The two absolute worst for me were the woman who was riding on a commuter bus on the way home and kept announcing to her husband that we were at such and such a place or at another place and doing it loudly and the other being the guy whose girl friend had broken up with him and he had to spend the entire one and one half hour bus trip in rush hour calling up all their mutual friends and telling them what she had done and asking them why she had, what reason she had, etc, all loudly so that the whole group of us had no peace at all. I really felt like telling him the reason why she broke up with him was because he was such an idiot and she had a very good reason to do so.

    One other I just remembered was the girl who looked like a model and rode the same bus cross town Manhattan that I did. She would get on the bus to meet her girl friends to go shopping and the first thing she did was call one of them up and ell her all about the date last night. She did not shut up the whole way across town in rush hour when the rest of us were on our way to work. She was just totally oblivious to anyone who was not interested in what her life was like and that was the rest of us who were sitting near her.

  11. inmypajamas says:

    This is definitely one of my pet peeves – being forced in a waiting room to listen to the loud, inane conversations of people obviously trying to hold boredom at bay. I teach my kids that sometimes life requires down time and you have to learn to be able to handle it with just your own resources.

    We have signs in our office requiring cell phones to be off in the exam rooms. I have many patients to see and I don’t have time to include a patient’s cell phone conversation in my visit. It is simply not fair to the other patients. Most patients understand and respect that – we just have to have the signs for those who don’t get it.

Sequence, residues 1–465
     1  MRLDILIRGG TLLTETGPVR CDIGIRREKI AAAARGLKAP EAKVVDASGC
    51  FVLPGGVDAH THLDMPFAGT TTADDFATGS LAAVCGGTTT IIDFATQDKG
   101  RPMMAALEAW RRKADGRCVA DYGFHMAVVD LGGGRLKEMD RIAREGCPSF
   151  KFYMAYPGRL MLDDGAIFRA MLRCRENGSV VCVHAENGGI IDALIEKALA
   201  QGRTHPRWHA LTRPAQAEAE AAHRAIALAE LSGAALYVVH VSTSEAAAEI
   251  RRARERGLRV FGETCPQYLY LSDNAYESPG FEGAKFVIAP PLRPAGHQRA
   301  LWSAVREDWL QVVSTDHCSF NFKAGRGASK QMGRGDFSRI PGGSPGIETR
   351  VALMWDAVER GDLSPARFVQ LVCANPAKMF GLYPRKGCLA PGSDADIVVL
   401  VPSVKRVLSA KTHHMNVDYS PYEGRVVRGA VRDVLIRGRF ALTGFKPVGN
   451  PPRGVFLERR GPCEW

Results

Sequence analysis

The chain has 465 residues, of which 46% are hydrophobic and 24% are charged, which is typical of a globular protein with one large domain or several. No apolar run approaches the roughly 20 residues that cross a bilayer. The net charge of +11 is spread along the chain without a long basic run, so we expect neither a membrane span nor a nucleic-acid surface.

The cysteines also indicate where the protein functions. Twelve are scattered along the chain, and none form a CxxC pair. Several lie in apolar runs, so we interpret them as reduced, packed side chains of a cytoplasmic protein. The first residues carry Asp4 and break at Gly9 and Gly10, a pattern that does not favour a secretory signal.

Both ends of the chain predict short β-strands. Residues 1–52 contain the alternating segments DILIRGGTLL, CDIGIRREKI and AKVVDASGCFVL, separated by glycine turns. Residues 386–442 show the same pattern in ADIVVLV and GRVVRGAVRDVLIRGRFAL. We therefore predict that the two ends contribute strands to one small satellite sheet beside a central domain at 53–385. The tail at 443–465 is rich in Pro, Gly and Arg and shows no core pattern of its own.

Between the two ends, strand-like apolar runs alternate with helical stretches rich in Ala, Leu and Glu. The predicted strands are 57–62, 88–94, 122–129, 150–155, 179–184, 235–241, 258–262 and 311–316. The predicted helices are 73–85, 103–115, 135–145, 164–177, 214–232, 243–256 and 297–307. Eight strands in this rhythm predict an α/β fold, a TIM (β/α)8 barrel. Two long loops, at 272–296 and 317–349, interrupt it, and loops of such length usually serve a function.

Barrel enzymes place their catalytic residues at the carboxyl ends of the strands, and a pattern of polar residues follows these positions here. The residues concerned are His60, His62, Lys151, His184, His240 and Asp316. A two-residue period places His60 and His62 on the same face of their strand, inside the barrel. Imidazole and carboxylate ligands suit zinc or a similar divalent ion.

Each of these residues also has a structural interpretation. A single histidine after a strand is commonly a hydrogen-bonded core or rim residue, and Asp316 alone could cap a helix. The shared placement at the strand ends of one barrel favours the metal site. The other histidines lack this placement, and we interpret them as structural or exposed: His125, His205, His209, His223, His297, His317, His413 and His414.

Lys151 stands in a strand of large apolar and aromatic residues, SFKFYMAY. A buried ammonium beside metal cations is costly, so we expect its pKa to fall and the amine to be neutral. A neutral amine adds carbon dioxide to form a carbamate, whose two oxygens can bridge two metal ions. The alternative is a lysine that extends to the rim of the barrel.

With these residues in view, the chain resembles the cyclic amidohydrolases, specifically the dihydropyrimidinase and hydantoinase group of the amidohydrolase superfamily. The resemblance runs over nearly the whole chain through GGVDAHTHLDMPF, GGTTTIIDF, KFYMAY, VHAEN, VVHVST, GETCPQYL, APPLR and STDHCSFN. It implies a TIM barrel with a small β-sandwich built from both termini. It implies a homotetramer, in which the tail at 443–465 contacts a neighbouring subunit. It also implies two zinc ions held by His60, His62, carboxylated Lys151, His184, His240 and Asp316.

12. MathMom says:

    M. A. George at June 23, 2007 01:20 PM

    I think of people isolating themselves with electronic distractions as a form of Autism. You have an iPod with Your Music (don’t ever have to listen to a song at random from the radio that might displease you in some small way), you isolate yourself with your earphones, you text your friends, you receive your emails, you TiVo your favorite programs, to watch when you want, you drive through the Rocky Mountains with your children in the back seat watching a DVD of The Little Mermaid, or playing with a GameBoy, instead of seeing the wonderous sights that nature provides. You never have to wait through something that is not Your Choice, Your Personal Environment.

    There is a huge value in learning to deal with boredom, with whatever is at hand. Why not strike up a conversation with the person in the next seat? Why not look at a National Geographic in the doctor’s office and learn about cetaceans? When we started taking our kids on long road trips (as infants), they learned to look out the window, and watch America rolling by. When my younger, Plugged-In son wanted a DVD player in the new Suburban, and told him there is a great DVD playing out the window, and to live with it, or bring a book. He didn’t like it, but he’s much more interesting because of it.

  13. Jonathan says:

    Wow. Bunch of Luddites here. Incredible.

  14. Patrick S. O'Donnell says:

    Assuming I know what you mean by Luddites, there’s nothing here on the order of opposition to technological change or progress as such, but rather a critical, thoughtful, discriminating attitude to the use of technological products, to considerations of possible social norms or informal rules of etiquette involving the use of same. And what, pray tell, is wrong with that?

  15. Tom says:

    So most of you people would be miffed if I sat in a waiting room and talked to a friend via cellphone. Would you also be miffed if I sat in a waiting room and talked to a friend who had accompanied me there?

    If not… what’s the difference?

  16. CaptainNerd says:

    I’ve noticed an even more disgusting trend, and that’s cell phone use in rest rooms. I feel very sorry for the person on the other end of the call who gets to listen to the ambient noises. Nothing I want to talk about, no one I want to talk to, is so important that I need to inflict bathroom noises on them in a conversation.

  17. wjr says:

    The Luddites were not actually protesting technology per se but were protesting the sociological results of technological change by attacking the physical representation of that change — e.g. the machines.

    So, Jonathan is correct and you lot are the worst form of Luddites.

  18. Kevin Murphy says:

    Four people walk into an elevator. Three of them immediately pull out their Blackberries and start texting. Happens all the time.

  19. jimboster says:

    I guess I’m an old fogey, but I am totally amazed when people are purchasing something at a store